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“Some Will Say I'm Too Small” Education and the Politics of Inclusion for Young Women in Sierra Leone


Abstract: Drawing on ethnographic evidence from Sierra Leone, this presentation discusses the limits and possibilities of secondary schooling for young women in Africa. Furthermore, I examine gendered and racialized logics that inform the cultural production of the African schoolgirl within global education policy and practice. In recent years, Sierra Leone emerged as a regional and global “success story” of education and gender inclusion with the introduction of the 2018 Free Quality School Education (FQSE) Program, which placed emphasis on the “radical inclusion” of girls in schools and communities. I argue that the FQSE reform was not simply about girls’ empowerment, but more crucially, the means through which contested visions of gender equality and national development were negotiated following the country’s troubled history of civil war and the Ebola epidemic. I also highlight agentive practices young women in Sierra Leone adopt to navigate obstacles to their inclusion in school and society.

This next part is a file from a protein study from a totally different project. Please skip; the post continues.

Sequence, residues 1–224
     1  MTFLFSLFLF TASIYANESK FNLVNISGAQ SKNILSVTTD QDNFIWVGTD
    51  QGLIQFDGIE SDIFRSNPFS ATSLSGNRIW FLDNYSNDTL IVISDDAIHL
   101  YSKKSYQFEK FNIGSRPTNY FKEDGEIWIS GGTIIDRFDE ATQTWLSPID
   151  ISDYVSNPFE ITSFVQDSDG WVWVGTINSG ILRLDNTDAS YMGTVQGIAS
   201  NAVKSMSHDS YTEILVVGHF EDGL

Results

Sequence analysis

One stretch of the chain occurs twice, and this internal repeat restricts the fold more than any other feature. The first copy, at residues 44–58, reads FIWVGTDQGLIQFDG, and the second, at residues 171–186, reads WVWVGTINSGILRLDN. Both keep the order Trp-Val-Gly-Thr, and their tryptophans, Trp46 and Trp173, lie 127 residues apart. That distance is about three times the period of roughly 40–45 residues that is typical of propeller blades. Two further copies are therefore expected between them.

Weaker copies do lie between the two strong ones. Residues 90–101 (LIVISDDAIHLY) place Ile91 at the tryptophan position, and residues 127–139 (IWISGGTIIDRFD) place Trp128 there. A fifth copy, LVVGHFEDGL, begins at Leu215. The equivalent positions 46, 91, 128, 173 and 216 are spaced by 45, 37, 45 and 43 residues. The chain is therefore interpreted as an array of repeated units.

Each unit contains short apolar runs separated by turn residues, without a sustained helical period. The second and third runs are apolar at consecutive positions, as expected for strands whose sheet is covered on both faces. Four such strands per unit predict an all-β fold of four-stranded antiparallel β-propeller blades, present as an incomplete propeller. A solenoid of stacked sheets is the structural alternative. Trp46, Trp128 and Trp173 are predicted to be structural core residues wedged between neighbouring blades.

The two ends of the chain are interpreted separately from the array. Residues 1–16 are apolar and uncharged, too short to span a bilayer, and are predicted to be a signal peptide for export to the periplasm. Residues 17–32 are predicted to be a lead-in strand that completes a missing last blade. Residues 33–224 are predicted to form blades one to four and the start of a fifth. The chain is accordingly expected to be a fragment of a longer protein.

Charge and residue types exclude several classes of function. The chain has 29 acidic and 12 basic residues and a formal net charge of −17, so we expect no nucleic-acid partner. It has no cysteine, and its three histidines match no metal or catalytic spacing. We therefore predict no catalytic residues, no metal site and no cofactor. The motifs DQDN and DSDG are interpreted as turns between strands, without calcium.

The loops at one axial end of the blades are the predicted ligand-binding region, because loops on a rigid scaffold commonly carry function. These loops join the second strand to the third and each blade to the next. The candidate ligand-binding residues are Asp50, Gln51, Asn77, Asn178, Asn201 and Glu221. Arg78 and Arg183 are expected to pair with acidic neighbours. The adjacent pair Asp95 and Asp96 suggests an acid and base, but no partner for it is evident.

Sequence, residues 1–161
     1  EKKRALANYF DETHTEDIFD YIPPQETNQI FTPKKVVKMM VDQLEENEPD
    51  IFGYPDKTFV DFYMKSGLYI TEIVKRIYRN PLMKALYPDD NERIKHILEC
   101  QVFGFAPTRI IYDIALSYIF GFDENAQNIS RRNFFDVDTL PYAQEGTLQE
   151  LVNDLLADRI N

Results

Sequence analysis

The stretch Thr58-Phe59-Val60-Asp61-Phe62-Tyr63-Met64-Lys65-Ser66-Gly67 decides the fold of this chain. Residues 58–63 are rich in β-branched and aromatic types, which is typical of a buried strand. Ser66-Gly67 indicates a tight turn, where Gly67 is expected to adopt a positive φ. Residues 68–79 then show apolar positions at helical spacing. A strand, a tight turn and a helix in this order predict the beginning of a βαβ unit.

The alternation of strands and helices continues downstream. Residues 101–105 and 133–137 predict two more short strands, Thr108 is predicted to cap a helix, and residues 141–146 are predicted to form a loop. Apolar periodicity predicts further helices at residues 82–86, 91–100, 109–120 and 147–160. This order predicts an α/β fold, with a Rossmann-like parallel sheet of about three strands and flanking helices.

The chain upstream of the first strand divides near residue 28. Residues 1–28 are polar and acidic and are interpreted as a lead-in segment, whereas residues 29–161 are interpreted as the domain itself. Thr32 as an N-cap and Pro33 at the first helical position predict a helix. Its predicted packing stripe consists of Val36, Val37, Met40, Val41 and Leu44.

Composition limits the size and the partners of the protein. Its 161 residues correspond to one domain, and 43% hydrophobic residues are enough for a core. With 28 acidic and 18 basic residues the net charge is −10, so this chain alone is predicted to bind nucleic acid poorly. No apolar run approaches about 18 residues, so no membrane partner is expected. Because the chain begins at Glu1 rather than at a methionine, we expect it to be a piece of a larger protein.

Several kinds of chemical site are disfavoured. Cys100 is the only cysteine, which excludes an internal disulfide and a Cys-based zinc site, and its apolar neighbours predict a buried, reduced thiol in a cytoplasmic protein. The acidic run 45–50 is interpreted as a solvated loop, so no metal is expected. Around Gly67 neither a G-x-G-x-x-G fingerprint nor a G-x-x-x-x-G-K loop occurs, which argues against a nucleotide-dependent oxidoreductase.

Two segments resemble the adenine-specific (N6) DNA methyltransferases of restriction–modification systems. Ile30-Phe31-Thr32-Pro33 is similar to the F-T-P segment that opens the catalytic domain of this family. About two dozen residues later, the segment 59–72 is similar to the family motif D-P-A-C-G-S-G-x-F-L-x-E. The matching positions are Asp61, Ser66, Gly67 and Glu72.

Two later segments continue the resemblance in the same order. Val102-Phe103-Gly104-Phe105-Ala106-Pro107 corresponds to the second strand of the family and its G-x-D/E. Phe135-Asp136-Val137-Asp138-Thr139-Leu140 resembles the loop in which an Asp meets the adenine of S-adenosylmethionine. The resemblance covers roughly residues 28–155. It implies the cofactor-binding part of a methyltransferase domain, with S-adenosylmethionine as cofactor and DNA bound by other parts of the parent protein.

Biography: Dr. Kallon Kelly is a UC Chancellor’s Postdoctoral Fellow in the Department of African American Studies and the Bunche Center for African American Studies at UCLA. Her research interests focus on the global context of schooling, youth, race, gender, and development. She holds a Ph.D. in Education, Culture, and Society, an MS.Ed. in International Educational Development, and a certificate in Gender, Sexuality & Women’s Studies from the University of Pennsylvania. Dr. Kallon Kelly was born in Freetown, Sierra Leone, and raised in Pakistan, Kenya, Uganda, and Bangladesh before immigrating to the United States.

UCLA African Studies Center310-825-3683

Sponsor(s): African Studies Center, Department of Anthropology

29 Feb 24

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